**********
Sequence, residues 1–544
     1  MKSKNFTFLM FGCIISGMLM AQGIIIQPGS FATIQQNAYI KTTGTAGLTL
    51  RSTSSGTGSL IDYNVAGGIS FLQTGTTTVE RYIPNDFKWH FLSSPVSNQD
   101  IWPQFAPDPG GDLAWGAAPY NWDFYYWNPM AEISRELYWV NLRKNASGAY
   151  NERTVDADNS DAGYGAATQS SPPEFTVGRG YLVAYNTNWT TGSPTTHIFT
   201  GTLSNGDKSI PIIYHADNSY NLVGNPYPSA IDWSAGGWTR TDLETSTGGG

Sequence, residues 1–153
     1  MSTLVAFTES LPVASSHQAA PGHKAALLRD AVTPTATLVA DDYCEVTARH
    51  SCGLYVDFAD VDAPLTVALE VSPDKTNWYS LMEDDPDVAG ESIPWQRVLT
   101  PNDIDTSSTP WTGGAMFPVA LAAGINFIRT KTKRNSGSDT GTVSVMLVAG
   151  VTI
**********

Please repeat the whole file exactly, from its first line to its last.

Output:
Sequence, residues 1–544
     1  MKSKNFTFLM FGCIISGMLM AQGIIIQPGS FATIQQNAYI KTTGTAGLTL
    51  RSTSSGTGSL IDYNVAGGIS FLQTGTTTVE RYIPNDFKWH FLSSPVSNQD
   101  IWPQFAPDPG GDLAWGAAPY NWDFYYWNPM AEISRELYWV NLRKNASGAY
   151  NERTVDADNS DAGYGAATQS SPPEFTVGRG YLVAYNTNWT TGSPTTHIFT
   201  GTLSNGDKSI PIIYHADNSY NLVGNPYPSA IDWSAGGWTR TDLETSTGGG

Sequence, residues 1–153
     1  MSTLVAFTES LPVASSHQAA PGHKAALLRD AVTPTATLVA DDYCEVTARH
    51  SCGLYVDFAD VDAPLTVALE VSPDKTNWYS LMEDDPDVAG ESIPWQRVLT
   101  PNDIDTSSTP WTGGAMFPVA LAAGINFIRT KTKRNSGSDT GTVSVMLVAG
   151  VTI